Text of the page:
Old Pine

Some very, very, very well-worn floorboards.

“So, we’ll try to save the floorboards.”

Uh, no. Wrong answer. We will save the floorboards.

This is an old house. More than a century old. These are the original floors. And yes, they are a bit distressed. I like ’em that way.

I am not so crazy about the grooves that catch crumbs and fill up with junk when I pass the broom over them. I have discovered, though, that if I quickly and smartly sweep back and forth in the grooves, the gunk comes out. And then, if I push the rubble quickly, I can brush the detritus into the dust pan.

[Actually, moving quickly doesn’t help. The stuff still falls in the crevices. I just do it quickly because it seems like it should be more effective. Then I sweep it up and out of the cranny and move it along to the next cratered board and the next until I get to the lesser-damaged area. Thought I’d let you know that I wasn’t really fooling myself.]

The finish is shot on most of the exposed wood. The wood under the area rugs looks great. Under the radiators? Fabulous. Where we walk, where the dining room chairs slide back and forth, the hallway run where the Beast chases what’s left of his Kylo Ren doll? Pretty well unfinished. There is no fear of sliding and falling if you run through the house in stocking feet. But watch for splinters. And for the nailheads.

The morning sun streaming through the dining room window will still reflect a bit on some parts of the floor. Closer to the walls where there is less traffic for sure, but there is a gleam beneath the arch between the dining and living rooms.

While I have been derelict in my care for them, I love these old floors. They hardly creak, but a few spots do. There is a decent-sized hole in the Big Guy’s room, where we had to put a big board so that the bed leg wouldn’t fall through. The floor by the front door is a hot mess, with embedded pine needles from Christmases past stuck deep in rain and snow damaged trenches.

But I don’t want new floors. I don’t want the house to look new. Like the lines at the corners of my eyes or the gray streaks in The Spouse’s locks or the loose skin around our middles, there is no reason to erase all signs of time. A little bit of yoga, an eye cream that delivers more hope than results, a slightly shorter haircut that minimizes the amount of silver will get us through.

These floors. I don’t want them to look new. I just want them to last longer.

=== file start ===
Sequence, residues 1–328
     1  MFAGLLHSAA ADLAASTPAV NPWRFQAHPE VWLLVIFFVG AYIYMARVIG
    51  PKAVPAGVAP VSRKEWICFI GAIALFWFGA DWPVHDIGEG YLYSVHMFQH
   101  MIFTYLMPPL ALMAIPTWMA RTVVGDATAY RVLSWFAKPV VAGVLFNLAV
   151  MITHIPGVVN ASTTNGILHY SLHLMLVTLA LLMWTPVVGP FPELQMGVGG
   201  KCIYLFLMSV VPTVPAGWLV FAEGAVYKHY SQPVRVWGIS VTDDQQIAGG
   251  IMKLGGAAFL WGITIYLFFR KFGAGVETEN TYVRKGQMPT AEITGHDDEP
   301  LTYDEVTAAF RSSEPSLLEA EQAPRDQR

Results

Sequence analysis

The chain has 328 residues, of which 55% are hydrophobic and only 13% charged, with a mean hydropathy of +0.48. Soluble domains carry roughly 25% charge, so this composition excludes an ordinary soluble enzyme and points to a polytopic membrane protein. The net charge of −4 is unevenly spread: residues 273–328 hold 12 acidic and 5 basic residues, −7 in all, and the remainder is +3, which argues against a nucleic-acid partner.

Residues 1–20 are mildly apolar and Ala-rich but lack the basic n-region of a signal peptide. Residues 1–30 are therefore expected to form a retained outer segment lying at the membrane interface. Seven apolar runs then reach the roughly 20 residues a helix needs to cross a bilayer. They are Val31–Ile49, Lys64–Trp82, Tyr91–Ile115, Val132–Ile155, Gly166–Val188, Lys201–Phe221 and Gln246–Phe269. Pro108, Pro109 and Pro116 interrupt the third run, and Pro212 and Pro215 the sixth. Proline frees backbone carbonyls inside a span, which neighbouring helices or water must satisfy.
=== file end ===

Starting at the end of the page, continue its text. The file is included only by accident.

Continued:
Back in ‘Nam

A pair of rockers on a decaying porch. And a cow pitcher on the table in between.

It’s known that I’m thinking that maybe we ain’t that young any more. I’m reminded of it every day.

I look in the mirror and see that skin is hanging a little looser around my eyes. There are fine, and less than fine, lines cropping up around my mouth and striping my forehead. There’s really no hiding them. And the silver tinsel that is my hair is kept at bay by a colorist I see so often she’s now a friend.

I am having a tough time reconciling these outward signals with my mental self image. I say that I think that I’m still in my 20s. But really I don’t.

I’m a much wiser and much calmer and much more confident and much more accepting version of my twenty-something self. I was going to say more patient, but I’m still working on that.

My neurologist said that I have the brain health of an 18-year-old. That means that my physical brain still fills my skull. It isn’t shrinking. It still has lots of twists and turns, where my thinking is done. I wonder if it was even bigger before, and it actually has shrunk. But that wouldn’t explain the youthful folds and crevices of gray matter. It was the nicest thing anyone said to me. At least one of them.

You see, I’ve had many opportunities for nice–and sometimes not so nice–things to be said to me. It’s just a factor of potential volume of opportunities. Opportunities born of time.

There’s an extensive internship program at my current gig–with the youngins between the ages of just barely able to buy a beer to still covered on their parents’ health plan. [Thanks Obama!]

They have full heads of hair, barely grown in beards, skin that doesn’t sag at their upper arms and their first work wardrobes. They think that I came up with John McCain via their Tropic Thunder view of Coppola’s view of Viet Nam (“Wait,” they said, “That was a remix?”) They are… Millennials.

Now, I know I’m not supposed to like them. Especially in the workforce. They are lazy, entitled narcissists. They are disrespectful of their ancestors. They think things are easy, and don’t get why you don’t fix them, duh?! They get their feelings hurt too quick.